I hate running.
Even as I type those words, I’m not sure they’re strong enough to express the emotions I associate with that self-inflicted “sport” (read: torture).
Yet, I know that running is good for me.
So, in order for me to run – to do that which is good for me – I need motivation. For some people, good health is motivation enough, but I’m too stubborn for logic. I love to eat sumptuous food, and I love to be busy with other things, and I love to be comfortable. None of that will help me achieve the healthy body I need for high quality of life. So I need motivation.
When I have a goal set before me, I run. I’ve done a marathon, a Tough Mudder, and numerous other runs including, most recently, a long journey through the Grand Canyon. I trained for each of these events, and the training served me well each time. The upcoming events motivated me to do that which was uncomfortable in order to achieve success in an endeavor I had yet not attempted.
But when the race or hike or journey was over, I went back to laziness. Because it’s easier.
We all have areas in our lives where laziness, a lack of motivation, keeps us from training for upcoming journeys, whether physical or mental.
So many Christians live lazy Christian lives. There is little knowledge of the book they claim to live by. They aren’t exercising their evangelistic muscles. Their faith is weakened by their trust in their finances. It seems there is no motivation to step out and do the uncomfortable to achieve a greater reward.
In our grace-desiring Christian culture, we want God to give us grace, and we relish in that grace, so we reason that the grace we’ve been given entitles us to a lackadaisical approach to our Christian lives. Grace is good, but we are called to not only receive grace but also train ourselves to live “worthy of our calling” (Ephesians 4:1-2). We are called to continually train in the ways of Jesus to achieve the prize of salvation (1 Corinthians 9:24; Philippians 3:14).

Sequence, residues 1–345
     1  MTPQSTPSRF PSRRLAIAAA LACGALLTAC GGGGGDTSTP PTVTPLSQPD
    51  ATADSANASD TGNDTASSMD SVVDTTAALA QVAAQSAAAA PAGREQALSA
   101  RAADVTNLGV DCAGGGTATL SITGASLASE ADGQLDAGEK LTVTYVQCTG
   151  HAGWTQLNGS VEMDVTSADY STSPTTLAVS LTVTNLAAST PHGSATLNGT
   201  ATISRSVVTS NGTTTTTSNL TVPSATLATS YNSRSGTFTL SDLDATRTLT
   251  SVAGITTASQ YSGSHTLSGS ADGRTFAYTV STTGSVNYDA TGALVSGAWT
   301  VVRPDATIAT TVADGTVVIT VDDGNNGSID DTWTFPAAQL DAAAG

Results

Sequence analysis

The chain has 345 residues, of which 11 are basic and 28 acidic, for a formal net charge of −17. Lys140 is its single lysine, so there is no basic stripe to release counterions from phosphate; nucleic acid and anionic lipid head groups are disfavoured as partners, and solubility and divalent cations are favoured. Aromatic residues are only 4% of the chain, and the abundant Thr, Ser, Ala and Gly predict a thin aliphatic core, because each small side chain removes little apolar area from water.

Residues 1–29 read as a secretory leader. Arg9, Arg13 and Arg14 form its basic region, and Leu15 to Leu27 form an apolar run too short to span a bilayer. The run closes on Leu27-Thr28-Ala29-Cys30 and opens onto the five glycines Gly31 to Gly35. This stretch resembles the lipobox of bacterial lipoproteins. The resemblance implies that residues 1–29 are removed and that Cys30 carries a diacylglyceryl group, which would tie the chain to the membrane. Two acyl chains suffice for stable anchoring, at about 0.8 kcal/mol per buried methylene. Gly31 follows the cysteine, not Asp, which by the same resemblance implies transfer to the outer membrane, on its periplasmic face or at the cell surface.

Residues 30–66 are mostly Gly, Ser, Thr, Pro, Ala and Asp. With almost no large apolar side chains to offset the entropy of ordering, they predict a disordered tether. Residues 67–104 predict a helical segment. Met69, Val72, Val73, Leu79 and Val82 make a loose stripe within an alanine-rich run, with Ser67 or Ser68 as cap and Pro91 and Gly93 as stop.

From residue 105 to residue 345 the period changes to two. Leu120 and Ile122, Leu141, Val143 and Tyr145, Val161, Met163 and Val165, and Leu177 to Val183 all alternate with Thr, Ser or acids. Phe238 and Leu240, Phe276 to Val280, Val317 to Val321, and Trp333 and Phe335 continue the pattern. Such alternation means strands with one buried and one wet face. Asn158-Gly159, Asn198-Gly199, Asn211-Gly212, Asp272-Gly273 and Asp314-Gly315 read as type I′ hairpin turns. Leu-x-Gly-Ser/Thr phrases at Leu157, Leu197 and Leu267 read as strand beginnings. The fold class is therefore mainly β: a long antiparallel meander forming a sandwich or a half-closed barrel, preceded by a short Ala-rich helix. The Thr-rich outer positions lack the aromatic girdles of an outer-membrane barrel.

Does this mean we don’t have salvation if we aren’t working? We like to say we don’t earn our salvation by what we do, but James, the brother of Jesus, tries to clarify that concept. He expresses, in his treatise on faith, that it is impossible to have faith without deeds (James 2:14-19). Faith without action is dead (James 2:17).
We are called to train daily. It’s like living in an apprenticeship. We are trying to be like our Rabbi, Jesus. We can’t do that on our couches and hidden away in our church buildings. We can’t do that in ignorance of the scriptures and without talking to the Father. We can’t do that alone.
So we need to fellowship with the body of Christ (Hebrews 10:25). We call that “going to church”. Yes, it’s required.
We need to study the word of God, for that is where we will learn who God is and how we should live as His children (Matthew 22:31; 2 Timothy 3:16). That requires reading.
We need to tell others about the goodness of Jesus and the Kingdom of God the way Jesus did (Matthew 28:18-20). That requires engagement. Introversion is not an excuse.
We need to spend time with the Father the way Jesus did (John 5:19; 10:30; 15:5). Prayer is essential.
We need to give generously, trusting in the Father for sustenance (Mark 12:44). He wants to provide more, the more we trust Him.
So will you train? It will mean reading. It will mean time spent. It will mean giving financially in order to learn faith in the Father. It will mean uncomfortable situations and conversations. This is discipleship. It’s what you signed up for when you were baptized. Are you in? The prize is much bigger than a medal at the end of a marathon – it’s eternal life.